Starting in January of this year Smith has been in contact with Butler's family, even though Butler continuously states in letters from jail that he did not have a relationship with Smith, other than seeing him in a courtroom. Hinds County jail logs show that DA visited Butler in jail, and the AG charges that Smith offered assistance to Butler's attorney. The DA attempted to subpoena attorneys with the AG's office to testify in front of a grand jury, and even went so far as to accuse a judge of keeping the information from to the press, all in the name of Butler's innocence.
An archive of reporting on controversies surrounding Hinds County district attorneys, present and past.
Butler sticks up for Smith in separate letters he wrote while incarcerated that Waide attached to the Bar response.
"Robert Smith step up and did the right thing in my case after his own investigation and now I'm being punished over it," he wrote to WLBT.
In another letter with an unclear recipient, he states: "I don't know, but it was a pure set up. Robert Smith, Hinds County DA found evidence of this after his own investigation and decided to file a motion to dismiss. I've never met him in my life, only know how for appearing in the courtroom. So all this speculation about Robert and I having a relationship is pure crazy."
During a preliminary hearing in March for the wire-fraud charges leveled against Butler, Smith brought up the surveillance tape from the 2011 raid to presiding Judge Melvin Priester Sr. The judge told him that he had watched all of the tapes and had not seen anything to persuade him that the police had planted evidence or set Butler up.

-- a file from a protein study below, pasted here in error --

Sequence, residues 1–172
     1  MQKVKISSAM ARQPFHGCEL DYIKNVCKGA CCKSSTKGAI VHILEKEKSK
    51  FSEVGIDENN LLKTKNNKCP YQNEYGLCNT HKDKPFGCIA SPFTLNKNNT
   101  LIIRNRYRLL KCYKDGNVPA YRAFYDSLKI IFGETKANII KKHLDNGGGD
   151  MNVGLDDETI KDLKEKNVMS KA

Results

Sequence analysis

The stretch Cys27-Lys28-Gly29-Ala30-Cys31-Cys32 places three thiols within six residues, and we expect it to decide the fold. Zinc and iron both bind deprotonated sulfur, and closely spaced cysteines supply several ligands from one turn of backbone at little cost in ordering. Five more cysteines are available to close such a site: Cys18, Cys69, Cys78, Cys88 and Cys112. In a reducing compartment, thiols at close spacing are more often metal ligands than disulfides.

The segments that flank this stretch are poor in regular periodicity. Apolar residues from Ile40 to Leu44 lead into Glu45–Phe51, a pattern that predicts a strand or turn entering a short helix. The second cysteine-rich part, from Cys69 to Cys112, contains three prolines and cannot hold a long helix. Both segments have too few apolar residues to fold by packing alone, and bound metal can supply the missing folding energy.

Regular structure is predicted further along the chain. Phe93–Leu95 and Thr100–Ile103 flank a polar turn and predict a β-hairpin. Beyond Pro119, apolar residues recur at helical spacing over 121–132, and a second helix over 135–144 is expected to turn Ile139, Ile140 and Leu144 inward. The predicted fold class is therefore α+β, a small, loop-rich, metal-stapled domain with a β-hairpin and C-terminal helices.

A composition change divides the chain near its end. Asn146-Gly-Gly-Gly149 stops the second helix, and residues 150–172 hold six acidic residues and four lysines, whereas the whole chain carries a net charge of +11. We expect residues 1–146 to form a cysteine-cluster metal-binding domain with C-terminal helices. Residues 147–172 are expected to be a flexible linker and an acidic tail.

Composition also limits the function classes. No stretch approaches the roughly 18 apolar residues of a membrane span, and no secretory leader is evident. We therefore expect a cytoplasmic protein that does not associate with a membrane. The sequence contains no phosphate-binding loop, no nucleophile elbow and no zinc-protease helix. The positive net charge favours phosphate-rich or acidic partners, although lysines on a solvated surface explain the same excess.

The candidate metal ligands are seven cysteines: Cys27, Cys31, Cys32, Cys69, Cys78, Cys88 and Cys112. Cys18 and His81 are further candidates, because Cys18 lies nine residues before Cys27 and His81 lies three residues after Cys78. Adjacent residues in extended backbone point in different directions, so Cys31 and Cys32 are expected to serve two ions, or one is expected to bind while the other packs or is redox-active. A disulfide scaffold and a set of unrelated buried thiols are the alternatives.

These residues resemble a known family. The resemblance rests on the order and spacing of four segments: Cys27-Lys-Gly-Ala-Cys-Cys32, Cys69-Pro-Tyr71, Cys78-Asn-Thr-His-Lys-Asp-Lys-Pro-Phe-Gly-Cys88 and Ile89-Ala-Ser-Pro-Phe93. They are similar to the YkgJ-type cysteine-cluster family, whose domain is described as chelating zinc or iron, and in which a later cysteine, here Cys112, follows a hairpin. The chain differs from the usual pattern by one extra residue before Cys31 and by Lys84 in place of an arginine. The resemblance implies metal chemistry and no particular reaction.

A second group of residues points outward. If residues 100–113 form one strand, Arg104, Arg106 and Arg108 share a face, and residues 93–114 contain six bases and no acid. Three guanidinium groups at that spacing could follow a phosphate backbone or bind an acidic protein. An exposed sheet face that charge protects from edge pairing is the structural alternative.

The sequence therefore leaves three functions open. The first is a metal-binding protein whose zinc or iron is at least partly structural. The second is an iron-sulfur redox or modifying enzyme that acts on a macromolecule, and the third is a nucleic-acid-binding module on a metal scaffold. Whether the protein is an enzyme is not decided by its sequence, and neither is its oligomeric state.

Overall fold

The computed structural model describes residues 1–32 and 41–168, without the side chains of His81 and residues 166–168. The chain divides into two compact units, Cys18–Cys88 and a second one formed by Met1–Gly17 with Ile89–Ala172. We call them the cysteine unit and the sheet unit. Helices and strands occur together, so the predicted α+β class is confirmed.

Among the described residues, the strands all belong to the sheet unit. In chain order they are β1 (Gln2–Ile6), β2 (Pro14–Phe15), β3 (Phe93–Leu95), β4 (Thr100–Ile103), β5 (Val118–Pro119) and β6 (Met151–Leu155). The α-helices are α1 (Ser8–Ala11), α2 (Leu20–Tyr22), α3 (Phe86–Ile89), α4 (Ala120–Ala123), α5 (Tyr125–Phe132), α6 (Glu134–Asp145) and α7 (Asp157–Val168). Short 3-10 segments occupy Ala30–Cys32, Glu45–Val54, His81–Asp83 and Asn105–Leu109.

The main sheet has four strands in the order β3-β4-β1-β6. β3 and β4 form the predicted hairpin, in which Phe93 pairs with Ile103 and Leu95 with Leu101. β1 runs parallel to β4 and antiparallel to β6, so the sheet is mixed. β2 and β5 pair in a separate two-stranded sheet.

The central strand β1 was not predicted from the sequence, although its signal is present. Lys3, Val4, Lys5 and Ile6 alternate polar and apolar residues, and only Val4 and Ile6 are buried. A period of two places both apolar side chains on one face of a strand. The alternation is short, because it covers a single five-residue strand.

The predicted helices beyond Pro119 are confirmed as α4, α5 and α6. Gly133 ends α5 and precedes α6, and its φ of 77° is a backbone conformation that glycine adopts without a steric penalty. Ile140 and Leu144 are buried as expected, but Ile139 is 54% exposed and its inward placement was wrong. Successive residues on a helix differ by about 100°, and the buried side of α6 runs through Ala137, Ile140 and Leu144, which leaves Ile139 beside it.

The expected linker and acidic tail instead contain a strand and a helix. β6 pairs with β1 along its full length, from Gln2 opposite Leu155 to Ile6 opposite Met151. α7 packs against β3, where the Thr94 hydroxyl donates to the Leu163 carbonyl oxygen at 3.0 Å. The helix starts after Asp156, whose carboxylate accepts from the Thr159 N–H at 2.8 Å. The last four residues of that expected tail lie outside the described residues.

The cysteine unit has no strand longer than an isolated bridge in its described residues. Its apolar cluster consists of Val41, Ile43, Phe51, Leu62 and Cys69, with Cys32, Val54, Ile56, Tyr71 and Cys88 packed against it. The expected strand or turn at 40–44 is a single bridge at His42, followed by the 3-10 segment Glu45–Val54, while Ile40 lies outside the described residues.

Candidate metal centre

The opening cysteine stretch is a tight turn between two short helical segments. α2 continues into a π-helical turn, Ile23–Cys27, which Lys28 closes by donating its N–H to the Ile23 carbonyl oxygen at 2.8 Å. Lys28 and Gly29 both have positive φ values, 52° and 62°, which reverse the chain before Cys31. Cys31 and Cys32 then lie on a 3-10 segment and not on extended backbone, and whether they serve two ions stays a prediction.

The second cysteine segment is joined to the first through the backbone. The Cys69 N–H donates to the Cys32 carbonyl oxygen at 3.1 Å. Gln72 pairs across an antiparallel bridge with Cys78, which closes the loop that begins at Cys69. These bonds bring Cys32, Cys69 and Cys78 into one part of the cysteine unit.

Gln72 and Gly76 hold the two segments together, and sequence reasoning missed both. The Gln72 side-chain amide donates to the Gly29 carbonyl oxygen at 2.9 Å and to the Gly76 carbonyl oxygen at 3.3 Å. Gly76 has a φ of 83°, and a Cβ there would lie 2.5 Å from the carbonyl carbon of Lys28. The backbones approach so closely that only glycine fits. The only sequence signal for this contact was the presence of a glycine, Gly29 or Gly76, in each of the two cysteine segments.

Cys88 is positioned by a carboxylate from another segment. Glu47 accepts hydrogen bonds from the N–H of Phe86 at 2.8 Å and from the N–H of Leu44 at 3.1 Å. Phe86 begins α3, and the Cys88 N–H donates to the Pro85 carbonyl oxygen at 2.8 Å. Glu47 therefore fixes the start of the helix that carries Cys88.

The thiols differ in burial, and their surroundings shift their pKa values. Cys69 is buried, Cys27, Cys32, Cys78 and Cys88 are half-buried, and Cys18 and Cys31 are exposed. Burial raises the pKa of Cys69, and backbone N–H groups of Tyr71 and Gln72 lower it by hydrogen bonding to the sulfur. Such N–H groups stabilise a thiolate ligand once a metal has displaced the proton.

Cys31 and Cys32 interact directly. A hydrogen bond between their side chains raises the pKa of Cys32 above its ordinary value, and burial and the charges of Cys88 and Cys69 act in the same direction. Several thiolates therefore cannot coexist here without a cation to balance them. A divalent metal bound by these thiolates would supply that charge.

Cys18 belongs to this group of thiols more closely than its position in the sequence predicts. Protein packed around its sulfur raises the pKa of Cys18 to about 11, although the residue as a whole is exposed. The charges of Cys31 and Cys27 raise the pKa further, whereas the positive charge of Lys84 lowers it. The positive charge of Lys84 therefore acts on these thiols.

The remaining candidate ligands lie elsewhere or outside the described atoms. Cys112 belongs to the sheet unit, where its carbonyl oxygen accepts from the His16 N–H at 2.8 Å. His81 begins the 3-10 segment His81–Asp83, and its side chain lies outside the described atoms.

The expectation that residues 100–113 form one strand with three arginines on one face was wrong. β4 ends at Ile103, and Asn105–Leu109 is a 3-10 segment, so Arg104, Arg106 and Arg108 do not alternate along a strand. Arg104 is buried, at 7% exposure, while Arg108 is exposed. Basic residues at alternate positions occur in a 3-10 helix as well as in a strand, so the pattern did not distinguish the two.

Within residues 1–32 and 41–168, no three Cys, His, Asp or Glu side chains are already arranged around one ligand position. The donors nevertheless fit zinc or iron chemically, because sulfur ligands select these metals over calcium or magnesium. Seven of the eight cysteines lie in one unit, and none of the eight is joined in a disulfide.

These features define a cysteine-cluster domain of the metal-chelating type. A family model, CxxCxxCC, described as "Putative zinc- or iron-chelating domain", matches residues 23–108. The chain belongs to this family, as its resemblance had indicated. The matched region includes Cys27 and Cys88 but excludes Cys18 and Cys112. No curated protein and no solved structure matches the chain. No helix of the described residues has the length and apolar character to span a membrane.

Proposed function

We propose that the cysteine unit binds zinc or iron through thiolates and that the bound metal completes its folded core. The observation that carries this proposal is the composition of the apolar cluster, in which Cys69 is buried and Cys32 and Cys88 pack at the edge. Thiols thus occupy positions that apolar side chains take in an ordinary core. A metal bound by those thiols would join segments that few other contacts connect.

"Mr. Smith," Priester said, "if you have a beef with the Attorney General's office, you deal with the Attorney General's office."
The AG alleges, though, that Smith has followed his own course, conferring directly with the defendant and his family and attorney in an effort to clear his name. The question is, what should the DA have done if he suspected an improper arrest? And can he pursue justice outside the established legal channels?
Former Mississippi Supreme Court Justice Oliver Diaz Jr. said that whether Smith will be vindicated for how he chose to pursue justice, if it turned out that Butler was set up, is not a thoroughly examined question.
"There's not a lot of tests of that," Diaz said. "Most people don't even walk up to that line. There's not a whole lot of authority saying you can and can't do these specific things because most people don't try to do any of it. So it is a very rare and unusual that this allegation is even being made."
So, then, as far as the Bar's formal complaint goes, Smith could still face consequences, and lose his position, even if his evidence is confirmed to be true.
"You can be disbarred. It can go from nothing happening and dismissing the complaint, and in between you have the private reprimand, the public reprimand or a suspension, which wouldn't be disbarment, but you wouldn't be able to practice for a certain period of time," Diaz said.
Adam Kilgore, the general counsel for the Mississippi Bar Association who wrote the July 26, 2016, formal complaint against Smith, said in an interview that the Bar complaint and subsequent response would eventually be put before two lawyers and a judge, called a tribunal, to decide Smith's fate as an attorney. He did not say when that process would begin.
Email city reporter Tim Summers Jr. at firstname.lastname@example.org. Read more about the DA saga at jfp.ms/DAFiles.